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Caitlin and Corey Gaffer got a surprise letter from their insurance company — saying they were being dumped for non-payment. Except, as far as they knew, they were paid up.
As it turned out, they’d made a couple of small mistakes, which they were eager to fix. But their insurer was definitely not interested. Caitlin and Corey spent fruitless weeks on the phone.
And then, Caitlin’s pregnancy — more than six months along — ran into complications.
They scrambled for months to get covered, while racking up about $30,000 in hospital bills.
There’s a happy ending. Two, in fact.
First, their baby was born healthy (and insured) in January. She’s in the episode too, and she’s adorable.
Second: In March their old insurer offered an apology — and offered to reinstate them. (This was the day after a reporter called to ask the insurer for their side of the story.)
… but the whole journey was harrowing, and opens up questions about what kinds of safeguards consumers have — or should have — against getting dropped.
This story — like a lot of this season — came straight from my inbox. A few days after the show launched, I got an email with the subject line “Pregnant woman and her husband in Minnesota need help.”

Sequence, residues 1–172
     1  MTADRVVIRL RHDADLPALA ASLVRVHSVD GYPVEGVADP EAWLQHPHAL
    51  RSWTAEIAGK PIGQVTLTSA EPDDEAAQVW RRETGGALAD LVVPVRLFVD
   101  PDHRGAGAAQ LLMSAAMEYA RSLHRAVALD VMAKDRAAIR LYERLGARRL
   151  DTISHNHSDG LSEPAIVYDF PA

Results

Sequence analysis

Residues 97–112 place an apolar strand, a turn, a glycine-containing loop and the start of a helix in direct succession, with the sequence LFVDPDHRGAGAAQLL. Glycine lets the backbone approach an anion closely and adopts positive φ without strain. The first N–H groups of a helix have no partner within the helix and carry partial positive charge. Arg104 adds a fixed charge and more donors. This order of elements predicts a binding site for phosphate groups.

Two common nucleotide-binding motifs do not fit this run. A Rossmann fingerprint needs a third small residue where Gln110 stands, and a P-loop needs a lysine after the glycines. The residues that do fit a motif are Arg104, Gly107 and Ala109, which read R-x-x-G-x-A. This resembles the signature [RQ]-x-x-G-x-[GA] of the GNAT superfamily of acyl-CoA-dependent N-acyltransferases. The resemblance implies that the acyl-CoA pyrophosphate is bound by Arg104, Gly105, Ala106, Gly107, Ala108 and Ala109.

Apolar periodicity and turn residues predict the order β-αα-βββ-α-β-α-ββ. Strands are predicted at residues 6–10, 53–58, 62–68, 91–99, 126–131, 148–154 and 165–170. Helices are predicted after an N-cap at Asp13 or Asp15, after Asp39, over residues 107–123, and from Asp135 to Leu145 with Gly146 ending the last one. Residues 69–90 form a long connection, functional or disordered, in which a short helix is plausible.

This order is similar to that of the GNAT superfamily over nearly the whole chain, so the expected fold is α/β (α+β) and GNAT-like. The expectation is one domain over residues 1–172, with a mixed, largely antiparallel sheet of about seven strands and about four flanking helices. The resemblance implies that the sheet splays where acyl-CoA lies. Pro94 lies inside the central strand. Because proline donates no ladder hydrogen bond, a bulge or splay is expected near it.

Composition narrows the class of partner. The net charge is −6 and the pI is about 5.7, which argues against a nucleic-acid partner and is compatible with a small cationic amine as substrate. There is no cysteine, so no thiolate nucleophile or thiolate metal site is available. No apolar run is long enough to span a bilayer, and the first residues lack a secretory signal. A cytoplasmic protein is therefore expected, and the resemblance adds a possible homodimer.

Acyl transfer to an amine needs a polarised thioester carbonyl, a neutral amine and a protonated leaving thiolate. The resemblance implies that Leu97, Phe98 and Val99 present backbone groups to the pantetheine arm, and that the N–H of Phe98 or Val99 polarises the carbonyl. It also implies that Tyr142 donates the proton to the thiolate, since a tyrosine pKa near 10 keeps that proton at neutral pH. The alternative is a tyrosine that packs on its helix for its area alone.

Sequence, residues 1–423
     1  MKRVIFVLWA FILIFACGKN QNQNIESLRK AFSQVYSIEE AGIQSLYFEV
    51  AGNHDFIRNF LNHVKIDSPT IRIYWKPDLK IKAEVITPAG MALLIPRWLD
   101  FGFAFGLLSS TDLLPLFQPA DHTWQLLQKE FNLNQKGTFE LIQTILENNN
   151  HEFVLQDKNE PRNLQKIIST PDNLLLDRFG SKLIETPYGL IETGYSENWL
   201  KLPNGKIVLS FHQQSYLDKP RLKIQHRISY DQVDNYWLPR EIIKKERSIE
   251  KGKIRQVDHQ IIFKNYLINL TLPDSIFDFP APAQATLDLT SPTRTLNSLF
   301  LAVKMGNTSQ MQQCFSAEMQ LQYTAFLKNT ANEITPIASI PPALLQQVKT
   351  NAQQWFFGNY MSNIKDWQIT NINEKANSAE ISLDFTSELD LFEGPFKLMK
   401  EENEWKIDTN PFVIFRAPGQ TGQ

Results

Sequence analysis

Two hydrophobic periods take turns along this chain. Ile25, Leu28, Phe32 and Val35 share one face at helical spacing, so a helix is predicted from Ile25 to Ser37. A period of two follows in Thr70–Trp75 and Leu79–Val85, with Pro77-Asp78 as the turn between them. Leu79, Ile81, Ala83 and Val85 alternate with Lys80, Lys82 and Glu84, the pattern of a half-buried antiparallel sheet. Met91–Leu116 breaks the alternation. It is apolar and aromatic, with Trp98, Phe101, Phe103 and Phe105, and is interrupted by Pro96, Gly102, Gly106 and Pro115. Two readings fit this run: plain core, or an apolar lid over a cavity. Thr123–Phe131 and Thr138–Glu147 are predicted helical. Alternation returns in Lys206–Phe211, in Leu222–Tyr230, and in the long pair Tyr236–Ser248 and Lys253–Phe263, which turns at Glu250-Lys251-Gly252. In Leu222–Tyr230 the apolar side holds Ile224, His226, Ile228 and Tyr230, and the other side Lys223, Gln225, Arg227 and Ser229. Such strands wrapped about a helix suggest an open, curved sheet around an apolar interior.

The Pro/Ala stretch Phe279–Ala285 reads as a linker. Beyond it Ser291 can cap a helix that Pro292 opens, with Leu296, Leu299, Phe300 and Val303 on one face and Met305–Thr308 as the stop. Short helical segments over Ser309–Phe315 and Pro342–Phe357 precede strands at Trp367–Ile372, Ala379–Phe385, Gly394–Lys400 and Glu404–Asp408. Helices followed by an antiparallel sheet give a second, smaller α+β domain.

We’ve got co-producers for Season Two, Kaiser Health News. Three things to know:
First: Kaiser Health News is not affiliated with the giant health care provider Kaiser Permanente. They share an ancestor — which is a fun story I’ve written all about here.
Second: They ARE a great non-profit newsroom covering health care in America, an editorially independent project of the Kaiser Family Foundation. (There’s that name again. And again, here’s the story.)
Third: Their editor-in-chief is one of the people who inspired this show.
YEP. The whole story is worth reading. I am so pleased and proud to be working with these folks.